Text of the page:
Click here for the Strategic and Critical Materials 2013 Report on Stockpile Requirements: http://www.mineralsmakelife.org/assets/images/content/resources/Strategic%20and%20Critical%20Materials%202013%20Report%20on%20Stockpile%20Requirements.pdf
It’s the last thing any Washington watcher would expect in the run-up to Sequestergeddon: a government agency proposing a new spending program. Yet that’s precisely what the Pentagon did last week, with the quiet release of its National Defense Stockpile Report to the Congress.
Even experts in the industry are hard-pressed to recall when the U.S. Government last added to its metals and minerals inventory — and for good reason. Since the implosion of the Soviet Union in December 1991, the U.S. defense stockpile has been treated as a kind of raw materials garage-sale, with nearly all metals marked for a phased sell-off — calibrated so as not to unduly undercut current metal prices.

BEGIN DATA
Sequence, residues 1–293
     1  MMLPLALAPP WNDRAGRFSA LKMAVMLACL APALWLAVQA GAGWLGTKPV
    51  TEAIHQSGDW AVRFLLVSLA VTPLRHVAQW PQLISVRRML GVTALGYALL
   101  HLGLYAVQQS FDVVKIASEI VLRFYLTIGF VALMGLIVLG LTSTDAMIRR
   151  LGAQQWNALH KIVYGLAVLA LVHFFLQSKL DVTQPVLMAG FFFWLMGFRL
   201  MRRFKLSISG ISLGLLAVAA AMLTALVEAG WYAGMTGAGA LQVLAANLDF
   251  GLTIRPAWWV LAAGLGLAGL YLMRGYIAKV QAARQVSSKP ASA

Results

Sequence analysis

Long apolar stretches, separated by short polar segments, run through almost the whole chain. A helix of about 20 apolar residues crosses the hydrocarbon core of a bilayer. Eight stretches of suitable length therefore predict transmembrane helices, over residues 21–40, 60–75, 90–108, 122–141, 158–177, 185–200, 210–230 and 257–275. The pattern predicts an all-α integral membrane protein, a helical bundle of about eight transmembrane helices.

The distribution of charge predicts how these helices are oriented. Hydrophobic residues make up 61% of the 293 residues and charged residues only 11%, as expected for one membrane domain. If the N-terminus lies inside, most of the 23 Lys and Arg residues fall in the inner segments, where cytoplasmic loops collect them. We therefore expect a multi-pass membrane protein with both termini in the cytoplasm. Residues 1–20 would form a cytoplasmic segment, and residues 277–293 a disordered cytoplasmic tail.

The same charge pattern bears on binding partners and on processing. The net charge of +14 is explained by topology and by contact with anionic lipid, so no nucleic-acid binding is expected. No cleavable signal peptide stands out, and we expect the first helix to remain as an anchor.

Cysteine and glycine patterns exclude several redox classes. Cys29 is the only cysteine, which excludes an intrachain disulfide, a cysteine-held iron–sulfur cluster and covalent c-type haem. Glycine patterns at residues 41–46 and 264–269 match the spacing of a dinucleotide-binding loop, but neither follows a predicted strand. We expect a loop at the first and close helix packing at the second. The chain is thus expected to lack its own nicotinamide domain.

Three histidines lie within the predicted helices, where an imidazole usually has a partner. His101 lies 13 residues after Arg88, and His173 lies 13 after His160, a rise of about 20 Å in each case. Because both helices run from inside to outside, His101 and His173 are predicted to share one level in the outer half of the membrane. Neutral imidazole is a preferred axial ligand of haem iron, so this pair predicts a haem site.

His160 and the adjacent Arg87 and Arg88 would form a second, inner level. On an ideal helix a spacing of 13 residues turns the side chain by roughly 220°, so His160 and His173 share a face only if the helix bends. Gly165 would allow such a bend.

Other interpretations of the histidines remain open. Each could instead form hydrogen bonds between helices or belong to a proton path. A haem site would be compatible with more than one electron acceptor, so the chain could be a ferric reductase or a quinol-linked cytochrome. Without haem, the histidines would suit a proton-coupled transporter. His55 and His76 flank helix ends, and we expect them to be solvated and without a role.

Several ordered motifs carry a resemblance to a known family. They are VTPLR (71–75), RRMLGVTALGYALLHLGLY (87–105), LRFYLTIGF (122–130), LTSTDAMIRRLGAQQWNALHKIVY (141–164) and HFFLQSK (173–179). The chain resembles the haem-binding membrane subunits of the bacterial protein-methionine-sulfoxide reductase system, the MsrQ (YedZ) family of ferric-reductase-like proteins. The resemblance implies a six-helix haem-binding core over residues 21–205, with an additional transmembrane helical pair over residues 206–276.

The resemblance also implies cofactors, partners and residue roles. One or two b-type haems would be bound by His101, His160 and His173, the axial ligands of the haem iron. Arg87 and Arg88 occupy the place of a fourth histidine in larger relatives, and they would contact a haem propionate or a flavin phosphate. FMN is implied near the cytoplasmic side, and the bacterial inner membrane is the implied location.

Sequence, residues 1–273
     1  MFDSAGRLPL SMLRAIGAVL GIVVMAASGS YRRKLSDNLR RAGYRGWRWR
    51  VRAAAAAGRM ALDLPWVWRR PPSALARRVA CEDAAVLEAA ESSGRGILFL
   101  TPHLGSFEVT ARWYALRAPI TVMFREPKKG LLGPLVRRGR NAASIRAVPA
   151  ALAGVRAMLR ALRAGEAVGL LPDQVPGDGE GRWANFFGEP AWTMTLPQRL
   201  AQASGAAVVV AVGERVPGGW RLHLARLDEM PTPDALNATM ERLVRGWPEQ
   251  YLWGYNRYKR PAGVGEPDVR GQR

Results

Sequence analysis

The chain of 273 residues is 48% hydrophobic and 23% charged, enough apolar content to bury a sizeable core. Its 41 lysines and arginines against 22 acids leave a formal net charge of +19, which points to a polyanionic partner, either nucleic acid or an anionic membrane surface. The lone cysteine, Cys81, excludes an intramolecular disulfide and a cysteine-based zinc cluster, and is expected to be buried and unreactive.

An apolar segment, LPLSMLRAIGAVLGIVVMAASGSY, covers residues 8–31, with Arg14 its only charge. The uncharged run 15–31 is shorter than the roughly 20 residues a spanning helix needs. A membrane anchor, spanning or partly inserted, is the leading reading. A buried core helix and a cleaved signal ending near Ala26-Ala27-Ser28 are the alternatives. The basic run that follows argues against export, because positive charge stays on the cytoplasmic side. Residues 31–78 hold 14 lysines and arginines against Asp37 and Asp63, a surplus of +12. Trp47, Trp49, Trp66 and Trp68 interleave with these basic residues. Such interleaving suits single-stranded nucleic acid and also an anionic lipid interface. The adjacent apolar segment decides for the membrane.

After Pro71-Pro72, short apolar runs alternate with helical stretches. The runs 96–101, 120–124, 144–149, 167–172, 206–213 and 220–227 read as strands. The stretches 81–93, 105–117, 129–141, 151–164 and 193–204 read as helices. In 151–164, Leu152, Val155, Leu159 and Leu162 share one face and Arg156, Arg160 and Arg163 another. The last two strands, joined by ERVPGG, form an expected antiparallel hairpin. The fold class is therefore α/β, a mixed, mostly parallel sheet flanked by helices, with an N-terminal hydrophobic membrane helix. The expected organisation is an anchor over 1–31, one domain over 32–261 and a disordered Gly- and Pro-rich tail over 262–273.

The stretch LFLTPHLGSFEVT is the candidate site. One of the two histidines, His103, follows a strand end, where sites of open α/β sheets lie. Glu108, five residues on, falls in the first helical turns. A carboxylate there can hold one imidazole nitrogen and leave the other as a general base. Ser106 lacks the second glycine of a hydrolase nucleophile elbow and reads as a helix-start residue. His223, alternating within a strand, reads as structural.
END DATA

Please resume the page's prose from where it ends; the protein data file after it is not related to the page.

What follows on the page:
Stockpile silver went to the U.S. Mint for the striking of silver dollars, an almost literal swords-into-plowshares swap. Other metals were sold to pay for the cost of erecting the World War II Memorial without having to appropriate federal funds. Still more metals were sold with the proceeds flowing back to the U.S. Treasury, where they were spent on whatever it is the federal government funds to the tune of $10 billion a day.
And why not, given the demise of the Soviet threat and the emergence of a global market not seen outside an economic textbook. Surely the U.S. could source metals and minerals from providers anywhere on the planet, for the right price.